What problem structure(s) are required to admit an exponential speedup in the universal quantum model of computation under the query model?
Intuitively, it would seem that much of the benefit of the quantum model, as is often suggested, is due to the ability to compute the solution in an exponentially large Hilbert space – i.e. a superposition of exponentially many possible states. We apply functions, encoded as unitary operators, to orchestrate useful interference over the amplitudes of the state space and repeat to a desired precision and measure. However, this is in essence the amplitude amplification framework inspired by Grover, which (as far as I know, would love to hear otherwise) does not yield exponential speedups for any problems.
So recently, I've been digging into this line of inquiry. Aaronson & Ambainis (2014), Ben-David(2011) Chailloux (2018) (among others) studied the above question, however, to date it seems that it is unresolved (not least because it seems to be a very hard problem from a complexity standpoint). That said, on the basis of existing algorithms, Aaronson and Ambainis suggest:
In the context of most existing quantum algorithms, “structured” basically means that we are trying to determine some global property of an extremely long sequence of numbers, assuming that the sequence satisfies some global regularity. As a canonical example, consider PERIOD-FINDING, the core of Shor’s algorithms for factoring and computing discrete logarithms...The requirement of periodicity is crucial here: it is what lets us use the Quantum Fourier Transform to extract the information we want from a superposition...For other known quantum algorithms, X needs to be (for example) a cyclic shift of quadratic residues or constant on the cosets of a hidden subgroup.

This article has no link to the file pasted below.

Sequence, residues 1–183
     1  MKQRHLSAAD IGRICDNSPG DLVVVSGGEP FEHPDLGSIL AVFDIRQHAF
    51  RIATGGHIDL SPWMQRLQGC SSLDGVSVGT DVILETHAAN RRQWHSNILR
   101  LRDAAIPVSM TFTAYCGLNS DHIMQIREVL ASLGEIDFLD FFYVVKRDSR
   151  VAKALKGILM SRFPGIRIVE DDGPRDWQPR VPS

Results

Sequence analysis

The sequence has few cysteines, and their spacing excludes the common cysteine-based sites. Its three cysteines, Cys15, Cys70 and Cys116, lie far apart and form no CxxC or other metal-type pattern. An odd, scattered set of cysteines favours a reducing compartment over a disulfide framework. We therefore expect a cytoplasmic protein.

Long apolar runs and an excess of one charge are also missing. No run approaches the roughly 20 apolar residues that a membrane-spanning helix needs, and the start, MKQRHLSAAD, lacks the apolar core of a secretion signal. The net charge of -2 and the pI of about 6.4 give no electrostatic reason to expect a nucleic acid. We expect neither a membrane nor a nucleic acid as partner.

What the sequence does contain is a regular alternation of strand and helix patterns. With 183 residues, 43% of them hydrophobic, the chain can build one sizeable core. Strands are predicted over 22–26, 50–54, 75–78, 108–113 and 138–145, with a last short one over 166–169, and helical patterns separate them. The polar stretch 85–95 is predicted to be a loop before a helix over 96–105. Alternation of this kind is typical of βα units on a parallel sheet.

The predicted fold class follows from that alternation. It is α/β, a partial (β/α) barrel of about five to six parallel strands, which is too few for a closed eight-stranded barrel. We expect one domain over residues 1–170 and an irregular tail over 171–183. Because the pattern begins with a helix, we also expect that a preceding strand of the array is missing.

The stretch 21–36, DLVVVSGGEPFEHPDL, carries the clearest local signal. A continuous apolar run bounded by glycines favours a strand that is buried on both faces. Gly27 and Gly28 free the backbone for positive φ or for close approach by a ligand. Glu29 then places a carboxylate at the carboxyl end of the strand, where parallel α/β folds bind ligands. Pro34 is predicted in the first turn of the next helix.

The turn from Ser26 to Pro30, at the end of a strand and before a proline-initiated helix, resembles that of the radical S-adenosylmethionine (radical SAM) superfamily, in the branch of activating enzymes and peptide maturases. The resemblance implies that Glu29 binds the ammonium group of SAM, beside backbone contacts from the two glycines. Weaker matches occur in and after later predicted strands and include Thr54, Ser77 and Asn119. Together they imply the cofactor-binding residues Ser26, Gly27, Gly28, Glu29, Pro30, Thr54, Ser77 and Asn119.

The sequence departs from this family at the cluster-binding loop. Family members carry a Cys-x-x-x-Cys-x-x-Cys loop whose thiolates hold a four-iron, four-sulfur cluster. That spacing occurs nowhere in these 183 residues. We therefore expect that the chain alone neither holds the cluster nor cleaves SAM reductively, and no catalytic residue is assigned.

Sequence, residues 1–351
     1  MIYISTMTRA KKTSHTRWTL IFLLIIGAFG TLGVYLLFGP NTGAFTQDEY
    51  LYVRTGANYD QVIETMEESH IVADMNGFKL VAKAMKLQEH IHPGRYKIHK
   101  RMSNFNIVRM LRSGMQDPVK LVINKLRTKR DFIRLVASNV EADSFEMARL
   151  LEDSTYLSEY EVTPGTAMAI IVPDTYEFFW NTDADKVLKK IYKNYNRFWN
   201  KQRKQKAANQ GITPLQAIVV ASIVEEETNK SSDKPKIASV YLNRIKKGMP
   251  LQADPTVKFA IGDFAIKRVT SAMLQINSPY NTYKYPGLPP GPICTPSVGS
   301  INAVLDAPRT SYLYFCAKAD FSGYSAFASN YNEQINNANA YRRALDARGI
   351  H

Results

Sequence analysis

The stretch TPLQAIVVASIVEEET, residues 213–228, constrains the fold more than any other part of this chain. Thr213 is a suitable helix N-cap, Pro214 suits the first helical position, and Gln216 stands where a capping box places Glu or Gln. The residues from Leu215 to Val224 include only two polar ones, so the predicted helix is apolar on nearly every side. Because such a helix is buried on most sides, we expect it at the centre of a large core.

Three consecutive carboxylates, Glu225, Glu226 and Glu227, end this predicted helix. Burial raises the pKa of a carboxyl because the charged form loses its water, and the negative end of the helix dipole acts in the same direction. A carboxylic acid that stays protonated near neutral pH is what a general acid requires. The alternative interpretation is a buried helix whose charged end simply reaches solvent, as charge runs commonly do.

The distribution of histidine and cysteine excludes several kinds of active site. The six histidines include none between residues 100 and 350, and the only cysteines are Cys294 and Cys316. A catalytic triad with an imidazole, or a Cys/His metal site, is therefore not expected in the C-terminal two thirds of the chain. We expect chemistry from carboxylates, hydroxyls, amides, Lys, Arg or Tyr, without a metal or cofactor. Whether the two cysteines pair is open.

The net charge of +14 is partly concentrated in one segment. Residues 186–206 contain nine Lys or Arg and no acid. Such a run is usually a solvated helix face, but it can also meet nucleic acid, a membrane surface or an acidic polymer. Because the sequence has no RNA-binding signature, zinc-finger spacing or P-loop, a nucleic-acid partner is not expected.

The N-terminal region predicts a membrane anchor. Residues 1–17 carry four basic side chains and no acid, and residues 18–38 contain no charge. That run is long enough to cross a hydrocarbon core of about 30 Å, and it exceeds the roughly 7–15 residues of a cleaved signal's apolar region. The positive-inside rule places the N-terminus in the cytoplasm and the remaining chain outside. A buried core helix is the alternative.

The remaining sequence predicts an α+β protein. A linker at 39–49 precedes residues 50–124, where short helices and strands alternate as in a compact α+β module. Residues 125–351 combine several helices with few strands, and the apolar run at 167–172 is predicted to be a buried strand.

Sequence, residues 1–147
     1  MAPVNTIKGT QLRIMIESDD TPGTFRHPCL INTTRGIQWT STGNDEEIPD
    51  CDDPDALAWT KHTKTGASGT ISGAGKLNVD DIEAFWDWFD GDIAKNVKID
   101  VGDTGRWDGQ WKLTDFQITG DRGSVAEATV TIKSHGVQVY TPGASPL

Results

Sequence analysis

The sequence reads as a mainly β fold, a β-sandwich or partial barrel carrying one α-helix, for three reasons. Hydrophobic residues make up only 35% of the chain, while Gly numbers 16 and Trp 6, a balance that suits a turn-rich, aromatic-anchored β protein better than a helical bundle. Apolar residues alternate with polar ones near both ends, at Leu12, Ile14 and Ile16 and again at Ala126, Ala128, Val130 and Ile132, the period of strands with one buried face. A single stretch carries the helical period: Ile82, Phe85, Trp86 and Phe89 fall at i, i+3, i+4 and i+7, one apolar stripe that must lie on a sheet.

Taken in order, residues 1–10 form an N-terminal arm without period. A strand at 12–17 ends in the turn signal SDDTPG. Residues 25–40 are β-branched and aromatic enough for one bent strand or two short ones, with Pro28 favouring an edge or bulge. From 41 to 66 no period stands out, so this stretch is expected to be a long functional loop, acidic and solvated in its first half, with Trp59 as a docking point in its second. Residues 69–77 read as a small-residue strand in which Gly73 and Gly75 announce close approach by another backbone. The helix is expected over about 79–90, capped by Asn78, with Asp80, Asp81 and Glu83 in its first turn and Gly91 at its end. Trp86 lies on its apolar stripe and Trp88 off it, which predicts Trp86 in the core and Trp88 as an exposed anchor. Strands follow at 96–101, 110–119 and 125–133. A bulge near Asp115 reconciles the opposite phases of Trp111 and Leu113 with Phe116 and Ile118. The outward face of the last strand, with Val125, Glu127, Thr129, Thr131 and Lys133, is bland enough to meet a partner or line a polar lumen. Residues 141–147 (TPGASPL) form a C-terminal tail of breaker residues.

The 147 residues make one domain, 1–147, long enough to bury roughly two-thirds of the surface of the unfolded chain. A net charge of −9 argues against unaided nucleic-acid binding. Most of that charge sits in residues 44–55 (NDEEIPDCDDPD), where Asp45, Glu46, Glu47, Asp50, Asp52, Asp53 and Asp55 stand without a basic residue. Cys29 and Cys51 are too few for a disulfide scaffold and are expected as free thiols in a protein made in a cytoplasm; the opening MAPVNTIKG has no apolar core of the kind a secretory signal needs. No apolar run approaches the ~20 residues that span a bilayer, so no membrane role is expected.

This, as might be presumed, is different from the approach taken by amplitude amplification – setting aside the notion of finding a global property with an assumed global regularity. So, my question is, dipping below the surface, what is the intuition around the kinds of problems that yield quantum algorithms with an exponential speedup under the query model? Can we simply put it down to period finding and hidden subgroups or is there a higher level intuition that captures the interplay between the problem structure and the properties of quantum information (i.e. entanglement, superposition, and interference) that seem superficially necessary for an exponential speedup?